The first thing you see when you enter the exhibit Jamel Shabazz: Eyes on the Street, at the Bronx Museum of the Arts through September 4, is a video of the African-American photographer being interviewed in 2007 by members of the museum’s Teen Council. You may be tempted to skip the video and go straight to the photographs, but there is a payoff for getting comfortable on the bench first. What this caring, charismatic man says about his work provides context for understanding it, perhaps nothing more so than his observation that humility is necessary for what he does. It may be his own humility that enables him to subtly document, even when photographing the most extroverted of his subjects, the varying degrees of humility that life in New York City—maybe life anywhere—forces most of us to adopt.
Eyes on the Street comprises color as well as black-and-white photographs taken on the streets and subways of New York’s five boroughs between 1980 and 2020. Black, Latino, and white people, especially Black people, not necessarily poor but decidedly not rich, gaze at us, or at one another, or at things we can’t see. Each subject is the center of the photograph but not of the world in which the picture is taken. In one photo of an outdoor basketball court, two bare-chested young men stand side by side with arms crossed, one smiling, the other looking defiant, both regarding us; meanwhile, some in the distance look at us while others play ball, oblivious to the viewer as well as to the foregrounded figures. Another photo shows a young man sitting on a stoop with only his head and hands visible, the rest of him blocked from view by an enormous poster-portrait of Malcolm X. In yet another, three girls are seen through the window of a subway train, standing, two smiling, the third—in the center—wearing an unreadable expression, while behind them all a balding, mustached man gazes sideways at us, unimpressed. In still another, a boy with close-cropped hair, wearing a bowtie and a jacket several sizes too large, looks into the camera with a serious expression and salutes as other, blurred figures stroll on the sidewalk behind him. In all the pictures, people act out the story of being themselves, in the brief moments before the camera moves on to someone or something else.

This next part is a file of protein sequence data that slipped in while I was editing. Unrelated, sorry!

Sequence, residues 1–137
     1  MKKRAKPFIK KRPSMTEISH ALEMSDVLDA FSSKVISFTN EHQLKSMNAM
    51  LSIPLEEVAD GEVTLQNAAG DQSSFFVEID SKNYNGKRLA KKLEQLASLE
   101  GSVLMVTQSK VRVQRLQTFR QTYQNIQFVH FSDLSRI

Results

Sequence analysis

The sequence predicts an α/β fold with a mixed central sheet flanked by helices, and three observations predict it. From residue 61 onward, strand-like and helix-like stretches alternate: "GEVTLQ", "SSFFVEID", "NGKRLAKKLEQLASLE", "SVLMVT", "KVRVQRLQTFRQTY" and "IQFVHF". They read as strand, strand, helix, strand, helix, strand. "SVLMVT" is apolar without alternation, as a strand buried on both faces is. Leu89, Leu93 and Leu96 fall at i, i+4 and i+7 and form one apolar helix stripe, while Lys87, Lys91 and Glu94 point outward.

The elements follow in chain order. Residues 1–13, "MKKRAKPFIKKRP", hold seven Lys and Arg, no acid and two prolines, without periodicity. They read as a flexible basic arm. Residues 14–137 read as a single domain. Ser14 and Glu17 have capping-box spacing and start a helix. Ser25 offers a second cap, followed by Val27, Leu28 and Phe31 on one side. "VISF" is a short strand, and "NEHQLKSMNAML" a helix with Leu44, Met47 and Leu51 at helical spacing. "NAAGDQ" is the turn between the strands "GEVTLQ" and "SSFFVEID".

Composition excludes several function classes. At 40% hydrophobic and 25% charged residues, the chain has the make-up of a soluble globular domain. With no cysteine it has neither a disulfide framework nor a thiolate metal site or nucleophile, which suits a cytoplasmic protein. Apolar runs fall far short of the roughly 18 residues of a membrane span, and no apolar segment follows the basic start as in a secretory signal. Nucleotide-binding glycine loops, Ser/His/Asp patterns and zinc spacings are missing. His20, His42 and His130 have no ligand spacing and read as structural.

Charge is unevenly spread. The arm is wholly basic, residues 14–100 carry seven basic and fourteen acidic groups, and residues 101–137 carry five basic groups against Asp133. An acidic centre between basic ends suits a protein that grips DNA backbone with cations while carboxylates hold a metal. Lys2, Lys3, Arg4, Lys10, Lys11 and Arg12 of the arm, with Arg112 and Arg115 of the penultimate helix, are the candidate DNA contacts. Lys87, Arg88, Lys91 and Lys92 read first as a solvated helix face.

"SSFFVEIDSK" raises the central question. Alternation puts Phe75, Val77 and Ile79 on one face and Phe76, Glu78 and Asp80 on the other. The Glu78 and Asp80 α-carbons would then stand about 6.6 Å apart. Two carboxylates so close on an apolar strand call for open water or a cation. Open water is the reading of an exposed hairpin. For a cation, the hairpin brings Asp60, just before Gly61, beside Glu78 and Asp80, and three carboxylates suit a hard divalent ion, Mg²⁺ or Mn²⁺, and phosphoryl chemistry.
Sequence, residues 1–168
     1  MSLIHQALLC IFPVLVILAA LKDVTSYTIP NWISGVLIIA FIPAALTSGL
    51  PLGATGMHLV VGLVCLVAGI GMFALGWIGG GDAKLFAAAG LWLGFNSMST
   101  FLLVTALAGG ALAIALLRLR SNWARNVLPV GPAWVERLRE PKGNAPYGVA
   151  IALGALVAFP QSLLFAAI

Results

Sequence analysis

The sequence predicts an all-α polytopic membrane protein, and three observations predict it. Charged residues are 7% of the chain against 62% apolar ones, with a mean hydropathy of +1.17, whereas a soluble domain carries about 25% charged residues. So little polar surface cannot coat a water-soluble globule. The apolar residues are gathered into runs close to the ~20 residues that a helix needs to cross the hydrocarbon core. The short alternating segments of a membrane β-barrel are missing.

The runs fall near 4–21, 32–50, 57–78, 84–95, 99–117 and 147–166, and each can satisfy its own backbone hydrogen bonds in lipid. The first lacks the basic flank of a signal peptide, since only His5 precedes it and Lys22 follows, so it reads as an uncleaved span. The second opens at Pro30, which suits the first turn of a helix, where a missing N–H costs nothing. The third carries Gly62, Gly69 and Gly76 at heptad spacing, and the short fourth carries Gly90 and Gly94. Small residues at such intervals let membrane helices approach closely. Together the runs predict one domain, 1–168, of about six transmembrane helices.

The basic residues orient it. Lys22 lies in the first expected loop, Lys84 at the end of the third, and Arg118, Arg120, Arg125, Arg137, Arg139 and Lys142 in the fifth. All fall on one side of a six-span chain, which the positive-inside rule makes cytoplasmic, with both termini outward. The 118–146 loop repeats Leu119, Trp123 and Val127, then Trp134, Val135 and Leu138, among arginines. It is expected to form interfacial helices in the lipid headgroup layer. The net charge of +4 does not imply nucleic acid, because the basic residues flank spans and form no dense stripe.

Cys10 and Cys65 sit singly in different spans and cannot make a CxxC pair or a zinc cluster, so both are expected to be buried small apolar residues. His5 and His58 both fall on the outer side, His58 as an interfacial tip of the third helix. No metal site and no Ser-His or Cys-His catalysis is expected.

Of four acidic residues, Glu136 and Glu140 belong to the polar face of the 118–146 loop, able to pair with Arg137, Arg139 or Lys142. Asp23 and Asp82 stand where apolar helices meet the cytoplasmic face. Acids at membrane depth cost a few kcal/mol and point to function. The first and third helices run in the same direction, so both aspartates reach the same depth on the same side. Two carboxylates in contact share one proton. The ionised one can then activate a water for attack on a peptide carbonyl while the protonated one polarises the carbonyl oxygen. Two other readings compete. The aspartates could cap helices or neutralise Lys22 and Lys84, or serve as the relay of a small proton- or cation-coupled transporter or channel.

Shabazz, who was born in Brooklyn in 1960, was a graffiti artist before he began taking photographs at fifteen, inspired by a book on black-and-white photography that his father owned. His father did not think much of Shabazz’s photographs but showed him techniques related to light, composition, and developing film. (Using his camera, he says, helped him overcome a stutter.) At sixteen Shabazz dropped out of high school (he later obtained a G.E.D.); soon he joined the military, returning home at age twenty. As he recalls in the Teen Council interview, he was “impacted” by the sight of prostitutes in his neighborhood and talked to them to learn their stories. Empathetic by nature, he was saddened by the gang violence around him, since the participants were people he knew well, sometimes members of rival gangs—who, he came to realize, often refrained from attacking one another out of respect for Shabazz. He worked sixteen-hour days at the jail at Rikers Island, getting to know and like the detainees, for whom he obtained books and arranged contact with lawyers; concerned about the young people in his neighborhood, he talked to them in his off-hours about avoiding drugs and prison, while they, in turn, told him about what was going on in the streets. (A refrain in his interview is his sadness over what drugs, particularly crack, have done to neighborhoods in New York. “Crack made people hard,” he says.)